It is increasingly urgent that we improve maths provision in schools, particularly for our weakest pupils. Participation in post 16 maths is the lowest of any OECD country, Headteachers report an ongoing shortage of high quality maths teachers, and universities say that approximately 200,000 students each year arrive needing additional mathematics support. This has devastating consequences for our adult workforce, and is linked with the UK STEM skills shortage, which it is estimated with lead to a shortfall of approximately 80,000 workers in the next three years.
The public response to success in maths is still unlike other subjects, as many continue to tolerate the viewpoint that numeracy is innate, and that it is therefore possible (and socially accepted) to be naturally “bad at maths”. If someone says they are “bad at reading and writing” the assumption is that they have either been taught very poorly, or have specific learning special needs, yet parents, celebrities, and even teachers still readily admit that they “can’t do numbers”. Only recently L’Oreal launched an advert where Helen Mirren says that her age doesn’t bother her as “maths was never my thing”, implying innumeracy has left her unable to work out how many birthdays have passed her by. Although this was obviously meant as a humorous aside, and L’Oreal have since pulled the advert, the fact it got onto our screens at all is a sign of the social acceptability around being unable to do basic maths. And solving this is the key to really resolving our maths gap.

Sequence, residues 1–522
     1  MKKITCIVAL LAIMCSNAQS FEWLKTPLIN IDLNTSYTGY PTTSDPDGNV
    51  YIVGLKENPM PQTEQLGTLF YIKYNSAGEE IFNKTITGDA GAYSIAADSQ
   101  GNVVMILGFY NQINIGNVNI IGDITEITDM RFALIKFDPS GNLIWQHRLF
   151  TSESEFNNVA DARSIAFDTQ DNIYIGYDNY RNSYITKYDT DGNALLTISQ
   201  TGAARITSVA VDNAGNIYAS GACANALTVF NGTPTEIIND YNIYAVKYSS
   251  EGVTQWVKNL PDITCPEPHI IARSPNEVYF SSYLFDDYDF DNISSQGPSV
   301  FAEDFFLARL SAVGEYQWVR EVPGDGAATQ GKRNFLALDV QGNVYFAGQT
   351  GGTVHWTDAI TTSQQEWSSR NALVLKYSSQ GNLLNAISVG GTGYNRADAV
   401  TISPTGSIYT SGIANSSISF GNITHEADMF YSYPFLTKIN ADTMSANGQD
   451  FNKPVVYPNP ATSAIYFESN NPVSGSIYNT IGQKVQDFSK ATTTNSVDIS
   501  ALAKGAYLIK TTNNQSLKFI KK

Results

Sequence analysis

The research shows a rather different picture about maths ability. Although there are genes which link to academic ability, a recent study by Oxford University, University College London and King’s College London reached two conclusions which show maths ability is just as learnable as English. Their findings showed that about half the genes which control success in literacy also feed into maths ability, meaning maths does not require unique cognitive capacity. They also found that external factors and genetics roughly equally contribute to academic success. So maths “ability” can be learned just like other subjects. Someone’s success in maths is not pre-determined. Someone who says “I can’t do maths” probably can.
On the other hand, at the “can do maths” end there have been some positive signs of improvement: Maths A level overtook English as the most popular subject this year, and at a school level there is increased focus on curriculum reform in order to raise standards, with particular interest in the Singapore and Shanghai maths models. There has also been the introduction of a core maths qualification for those who have passed GCSE maths but are not interested in continuing to A level, as well as compulsory retaking of maths GCSE for those who failed the first time round.
We believe that all students should study maths until at least 18, but for this to work for all young people there needs to be a fundamental shift in the way maths is perceived and talked about in our wider society. As a whole society we need to start teaching children that anyone can do maths.